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Literary linguistics: Open Access research in English language

Strathprints makes available Open Access scholarly outputs by English Studies at Strathclyde. Particular research specialisms include literary linguistics, the study of literary texts using techniques drawn from linguistics and cognitive science.

The team also demonstrates research expertise in Renaissance studies, researching Renaissance literature, the history of ideas and language and cultural history. English hosts the Centre for Literature, Culture & Place which explores literature and its relationships with geography, space, landscape, travel, architecture, and the environment.

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Fault current characterisation in VSC-based HVDC systems

Ademi, Sul and Tzelepis, Dimitrios and Dysko, Adam and Subramanian, Sankara and Ha, Hengxu (2016) Fault current characterisation in VSC-based HVDC systems. In: The 13th IET International Conference on Developments in Power System Protection 2016, 2016-03-07 - 2016-03-10, The Sheraton Hotel.

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Abstract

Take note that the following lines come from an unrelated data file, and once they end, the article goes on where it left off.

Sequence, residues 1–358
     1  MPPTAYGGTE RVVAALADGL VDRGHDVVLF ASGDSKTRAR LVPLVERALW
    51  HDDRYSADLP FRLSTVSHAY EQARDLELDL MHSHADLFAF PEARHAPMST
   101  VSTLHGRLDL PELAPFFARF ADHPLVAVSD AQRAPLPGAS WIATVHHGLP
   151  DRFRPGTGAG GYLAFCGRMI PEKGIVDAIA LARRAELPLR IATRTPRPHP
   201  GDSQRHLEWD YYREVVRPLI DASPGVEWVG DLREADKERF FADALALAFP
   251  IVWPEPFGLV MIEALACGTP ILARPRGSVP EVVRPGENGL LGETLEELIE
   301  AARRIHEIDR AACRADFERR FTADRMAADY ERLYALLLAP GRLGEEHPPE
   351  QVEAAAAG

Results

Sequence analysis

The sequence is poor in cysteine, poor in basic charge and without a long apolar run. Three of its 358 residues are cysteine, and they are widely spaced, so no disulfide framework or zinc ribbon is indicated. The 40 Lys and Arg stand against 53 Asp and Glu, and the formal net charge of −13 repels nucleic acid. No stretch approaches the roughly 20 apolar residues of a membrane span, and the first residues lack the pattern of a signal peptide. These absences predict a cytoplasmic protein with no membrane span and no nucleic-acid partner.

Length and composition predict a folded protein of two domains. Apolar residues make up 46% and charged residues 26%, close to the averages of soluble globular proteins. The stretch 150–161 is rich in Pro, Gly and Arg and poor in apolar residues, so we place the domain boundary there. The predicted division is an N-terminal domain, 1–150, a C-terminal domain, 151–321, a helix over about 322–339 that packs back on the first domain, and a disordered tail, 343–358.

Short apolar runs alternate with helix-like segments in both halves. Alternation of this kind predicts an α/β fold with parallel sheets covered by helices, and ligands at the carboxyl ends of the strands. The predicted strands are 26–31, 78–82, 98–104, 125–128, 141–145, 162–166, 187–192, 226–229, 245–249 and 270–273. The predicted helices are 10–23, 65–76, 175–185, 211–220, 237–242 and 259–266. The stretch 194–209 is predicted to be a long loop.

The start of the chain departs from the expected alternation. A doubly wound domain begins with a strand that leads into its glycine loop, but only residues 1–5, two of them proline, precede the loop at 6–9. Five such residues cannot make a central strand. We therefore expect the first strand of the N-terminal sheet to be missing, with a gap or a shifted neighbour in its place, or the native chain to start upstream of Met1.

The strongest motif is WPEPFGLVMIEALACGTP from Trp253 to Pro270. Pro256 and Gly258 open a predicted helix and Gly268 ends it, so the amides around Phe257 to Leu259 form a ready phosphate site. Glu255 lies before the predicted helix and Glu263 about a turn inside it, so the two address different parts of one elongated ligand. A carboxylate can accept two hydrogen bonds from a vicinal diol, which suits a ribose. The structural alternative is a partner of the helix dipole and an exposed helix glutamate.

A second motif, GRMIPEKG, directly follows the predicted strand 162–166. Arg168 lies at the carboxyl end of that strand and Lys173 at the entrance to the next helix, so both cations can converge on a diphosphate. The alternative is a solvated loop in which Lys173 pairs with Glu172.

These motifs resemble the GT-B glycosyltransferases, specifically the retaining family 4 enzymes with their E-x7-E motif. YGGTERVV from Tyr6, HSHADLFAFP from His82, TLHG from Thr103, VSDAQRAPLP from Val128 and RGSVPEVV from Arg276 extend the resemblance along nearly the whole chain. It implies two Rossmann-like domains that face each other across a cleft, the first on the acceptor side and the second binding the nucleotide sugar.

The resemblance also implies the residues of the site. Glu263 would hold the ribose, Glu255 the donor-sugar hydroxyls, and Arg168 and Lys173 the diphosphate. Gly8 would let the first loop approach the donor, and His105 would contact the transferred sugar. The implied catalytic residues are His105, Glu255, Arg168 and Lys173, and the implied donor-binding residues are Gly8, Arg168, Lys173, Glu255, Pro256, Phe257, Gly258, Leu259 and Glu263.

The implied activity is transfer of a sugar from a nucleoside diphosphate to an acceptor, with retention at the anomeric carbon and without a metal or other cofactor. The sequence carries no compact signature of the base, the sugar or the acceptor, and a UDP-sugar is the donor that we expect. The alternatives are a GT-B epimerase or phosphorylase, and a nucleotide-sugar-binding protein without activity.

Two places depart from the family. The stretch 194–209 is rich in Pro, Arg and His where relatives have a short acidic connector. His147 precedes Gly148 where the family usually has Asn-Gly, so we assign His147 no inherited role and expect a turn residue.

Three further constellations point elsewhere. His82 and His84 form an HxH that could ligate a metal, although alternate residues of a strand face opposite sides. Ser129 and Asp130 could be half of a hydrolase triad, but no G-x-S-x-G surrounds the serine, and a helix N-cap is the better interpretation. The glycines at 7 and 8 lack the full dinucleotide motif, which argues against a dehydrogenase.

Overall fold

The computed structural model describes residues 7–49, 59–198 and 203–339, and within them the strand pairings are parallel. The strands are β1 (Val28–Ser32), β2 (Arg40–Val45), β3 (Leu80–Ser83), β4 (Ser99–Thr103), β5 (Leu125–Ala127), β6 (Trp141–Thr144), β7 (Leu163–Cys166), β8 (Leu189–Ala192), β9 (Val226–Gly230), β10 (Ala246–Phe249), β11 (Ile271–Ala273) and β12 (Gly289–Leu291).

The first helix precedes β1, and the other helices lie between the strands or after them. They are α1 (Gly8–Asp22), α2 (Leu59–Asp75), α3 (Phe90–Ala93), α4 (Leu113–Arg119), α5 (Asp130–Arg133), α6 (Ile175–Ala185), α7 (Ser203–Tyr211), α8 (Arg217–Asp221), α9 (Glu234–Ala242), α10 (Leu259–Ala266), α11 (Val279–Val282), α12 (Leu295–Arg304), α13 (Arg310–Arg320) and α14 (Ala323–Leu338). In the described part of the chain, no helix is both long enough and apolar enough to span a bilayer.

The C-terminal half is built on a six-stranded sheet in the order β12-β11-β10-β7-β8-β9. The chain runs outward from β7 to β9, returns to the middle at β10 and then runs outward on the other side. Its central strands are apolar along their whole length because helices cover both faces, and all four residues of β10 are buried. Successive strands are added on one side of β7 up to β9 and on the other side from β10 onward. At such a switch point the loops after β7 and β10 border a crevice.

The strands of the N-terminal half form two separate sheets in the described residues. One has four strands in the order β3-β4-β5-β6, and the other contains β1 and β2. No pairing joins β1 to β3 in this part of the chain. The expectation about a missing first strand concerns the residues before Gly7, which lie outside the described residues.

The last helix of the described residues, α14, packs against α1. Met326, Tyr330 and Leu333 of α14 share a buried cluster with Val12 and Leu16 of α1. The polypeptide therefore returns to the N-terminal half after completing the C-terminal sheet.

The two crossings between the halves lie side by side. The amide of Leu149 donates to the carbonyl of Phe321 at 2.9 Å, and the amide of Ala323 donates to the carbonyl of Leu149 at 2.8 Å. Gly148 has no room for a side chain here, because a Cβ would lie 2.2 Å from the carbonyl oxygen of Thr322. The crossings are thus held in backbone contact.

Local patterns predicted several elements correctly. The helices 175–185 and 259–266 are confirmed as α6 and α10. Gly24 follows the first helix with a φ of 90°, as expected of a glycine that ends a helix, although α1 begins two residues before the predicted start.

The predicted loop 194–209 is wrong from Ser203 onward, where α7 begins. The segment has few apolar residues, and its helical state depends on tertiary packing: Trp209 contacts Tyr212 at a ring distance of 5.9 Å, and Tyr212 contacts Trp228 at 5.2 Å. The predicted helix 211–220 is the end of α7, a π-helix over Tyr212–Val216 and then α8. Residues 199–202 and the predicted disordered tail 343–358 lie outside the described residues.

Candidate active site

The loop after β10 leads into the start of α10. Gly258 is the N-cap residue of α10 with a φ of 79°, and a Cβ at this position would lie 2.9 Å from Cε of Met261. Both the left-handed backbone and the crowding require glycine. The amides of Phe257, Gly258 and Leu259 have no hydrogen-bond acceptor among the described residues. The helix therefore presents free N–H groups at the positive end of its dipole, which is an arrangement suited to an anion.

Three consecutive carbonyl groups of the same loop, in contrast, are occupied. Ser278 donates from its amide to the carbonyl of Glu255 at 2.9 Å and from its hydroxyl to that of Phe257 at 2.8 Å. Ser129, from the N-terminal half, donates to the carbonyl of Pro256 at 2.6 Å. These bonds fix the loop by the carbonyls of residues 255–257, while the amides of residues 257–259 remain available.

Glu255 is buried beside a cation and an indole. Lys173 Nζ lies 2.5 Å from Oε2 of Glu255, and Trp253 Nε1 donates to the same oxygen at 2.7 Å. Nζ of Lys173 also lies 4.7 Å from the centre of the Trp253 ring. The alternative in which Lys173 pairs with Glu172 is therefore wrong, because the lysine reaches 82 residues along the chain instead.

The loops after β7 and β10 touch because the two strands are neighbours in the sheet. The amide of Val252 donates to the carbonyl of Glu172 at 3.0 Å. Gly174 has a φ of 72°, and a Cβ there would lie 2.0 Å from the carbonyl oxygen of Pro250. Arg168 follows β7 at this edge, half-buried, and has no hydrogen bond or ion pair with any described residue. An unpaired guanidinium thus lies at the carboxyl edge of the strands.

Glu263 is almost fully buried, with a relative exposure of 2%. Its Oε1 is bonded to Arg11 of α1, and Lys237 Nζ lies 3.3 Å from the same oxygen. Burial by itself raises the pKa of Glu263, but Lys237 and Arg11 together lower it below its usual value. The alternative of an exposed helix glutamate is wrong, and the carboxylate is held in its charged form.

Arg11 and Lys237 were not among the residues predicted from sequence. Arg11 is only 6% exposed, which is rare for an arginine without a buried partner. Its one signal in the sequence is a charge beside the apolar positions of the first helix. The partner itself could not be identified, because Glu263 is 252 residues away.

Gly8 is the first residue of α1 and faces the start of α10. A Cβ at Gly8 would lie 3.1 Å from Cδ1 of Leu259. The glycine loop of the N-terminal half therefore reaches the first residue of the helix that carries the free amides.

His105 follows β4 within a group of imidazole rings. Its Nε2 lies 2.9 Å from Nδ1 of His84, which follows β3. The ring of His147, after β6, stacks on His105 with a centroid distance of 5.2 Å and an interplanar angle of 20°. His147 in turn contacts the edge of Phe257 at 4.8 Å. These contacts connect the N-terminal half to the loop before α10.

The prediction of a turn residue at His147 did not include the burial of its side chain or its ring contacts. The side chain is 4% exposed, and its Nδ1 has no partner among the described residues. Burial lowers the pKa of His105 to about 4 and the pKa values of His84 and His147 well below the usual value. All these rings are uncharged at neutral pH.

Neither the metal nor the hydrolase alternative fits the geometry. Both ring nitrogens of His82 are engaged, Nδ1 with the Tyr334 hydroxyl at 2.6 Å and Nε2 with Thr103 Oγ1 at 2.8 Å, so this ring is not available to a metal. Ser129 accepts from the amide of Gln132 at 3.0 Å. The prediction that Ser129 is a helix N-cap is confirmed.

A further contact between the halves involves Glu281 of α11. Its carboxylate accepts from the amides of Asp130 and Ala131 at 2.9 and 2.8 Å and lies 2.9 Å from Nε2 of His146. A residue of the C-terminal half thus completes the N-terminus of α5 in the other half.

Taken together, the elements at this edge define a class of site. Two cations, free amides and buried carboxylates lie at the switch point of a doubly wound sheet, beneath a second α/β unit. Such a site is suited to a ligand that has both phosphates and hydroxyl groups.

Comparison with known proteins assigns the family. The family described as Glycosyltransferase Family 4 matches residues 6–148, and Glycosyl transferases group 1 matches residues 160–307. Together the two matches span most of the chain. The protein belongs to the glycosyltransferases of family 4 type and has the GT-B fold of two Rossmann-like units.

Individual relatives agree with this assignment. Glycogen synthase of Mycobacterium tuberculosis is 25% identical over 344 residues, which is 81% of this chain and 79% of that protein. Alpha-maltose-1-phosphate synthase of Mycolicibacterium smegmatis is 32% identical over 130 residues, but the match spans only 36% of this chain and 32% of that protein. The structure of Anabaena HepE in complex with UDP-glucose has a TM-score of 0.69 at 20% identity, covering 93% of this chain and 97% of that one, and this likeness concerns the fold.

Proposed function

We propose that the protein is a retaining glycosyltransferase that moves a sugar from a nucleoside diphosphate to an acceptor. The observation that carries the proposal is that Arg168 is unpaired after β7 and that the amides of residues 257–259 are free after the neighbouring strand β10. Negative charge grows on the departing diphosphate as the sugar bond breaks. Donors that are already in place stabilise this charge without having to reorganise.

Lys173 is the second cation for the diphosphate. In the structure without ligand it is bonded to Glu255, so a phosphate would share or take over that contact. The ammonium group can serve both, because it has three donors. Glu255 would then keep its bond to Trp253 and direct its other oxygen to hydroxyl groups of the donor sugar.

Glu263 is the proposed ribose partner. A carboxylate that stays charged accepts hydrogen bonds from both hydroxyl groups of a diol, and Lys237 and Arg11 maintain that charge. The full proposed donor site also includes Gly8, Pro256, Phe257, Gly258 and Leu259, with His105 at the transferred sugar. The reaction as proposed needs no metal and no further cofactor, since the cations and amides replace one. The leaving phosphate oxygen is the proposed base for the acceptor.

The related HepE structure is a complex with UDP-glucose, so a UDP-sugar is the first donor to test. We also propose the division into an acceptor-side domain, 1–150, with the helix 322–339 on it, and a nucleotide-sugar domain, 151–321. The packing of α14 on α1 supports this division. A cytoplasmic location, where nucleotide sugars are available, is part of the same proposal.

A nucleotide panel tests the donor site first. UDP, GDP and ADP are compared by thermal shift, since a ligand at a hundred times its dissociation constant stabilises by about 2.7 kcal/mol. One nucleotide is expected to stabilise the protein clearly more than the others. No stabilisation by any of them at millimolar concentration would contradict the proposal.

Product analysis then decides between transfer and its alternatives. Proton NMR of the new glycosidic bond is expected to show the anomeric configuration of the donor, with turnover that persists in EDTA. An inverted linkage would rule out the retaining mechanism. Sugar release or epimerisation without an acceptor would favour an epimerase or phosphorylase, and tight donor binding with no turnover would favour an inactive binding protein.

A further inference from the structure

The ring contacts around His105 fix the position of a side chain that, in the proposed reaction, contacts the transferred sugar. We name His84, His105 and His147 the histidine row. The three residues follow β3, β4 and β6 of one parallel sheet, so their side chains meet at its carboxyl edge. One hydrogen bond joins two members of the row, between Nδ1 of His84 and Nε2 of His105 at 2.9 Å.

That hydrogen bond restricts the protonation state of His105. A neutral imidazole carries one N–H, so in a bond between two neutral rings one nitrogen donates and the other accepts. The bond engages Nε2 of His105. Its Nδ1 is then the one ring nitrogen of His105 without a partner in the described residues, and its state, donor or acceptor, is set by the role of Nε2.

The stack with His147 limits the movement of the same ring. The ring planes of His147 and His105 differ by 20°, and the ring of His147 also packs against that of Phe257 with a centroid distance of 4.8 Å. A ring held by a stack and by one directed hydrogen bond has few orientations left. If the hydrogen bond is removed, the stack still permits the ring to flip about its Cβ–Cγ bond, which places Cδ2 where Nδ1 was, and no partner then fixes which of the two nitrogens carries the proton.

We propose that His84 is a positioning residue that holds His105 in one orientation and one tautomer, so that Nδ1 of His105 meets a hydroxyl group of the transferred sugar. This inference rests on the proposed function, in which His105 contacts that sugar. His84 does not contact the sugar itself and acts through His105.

The DC-side line faults in high-voltage direct-current (HVDC) systems utilising voltage-source converters (VSCs) are a major concern for multi-terminal HVDC systems in which complete isolation of the faulted system is not a viable option. A number of challenges are posed by both pole-to-pole and pole-to-ground faults including the presence of very fast and high amplitude discharge current from the DC-link capacitance, the lack of suitable DC current breaking devices, and the lack of highly discriminative fault detection techniques. Therefore, faults occurring along the interconnecting DC cables are likely to threaten system operation. In order to better understand the system under such faults, this paper analyses the behaviour of HVDC systems energised by the conventional two-level VSC. This investigation provides a systematic evaluation of the nature of a DC fault in HVDC systems during a permanent pole- to-pole and pole-to-ground fault taking into consideration a number of influencing parameters including fault position, fault resistance and other operational conditions. To quantify these dependencies on DC voltage and current characteristics a systematic simulation study is undertaken in which the natural responses of the HVDC networks transients during DC side faults are examined. The outcome of this paper lies the necessary knowledge foundation for developing future DC protection methods.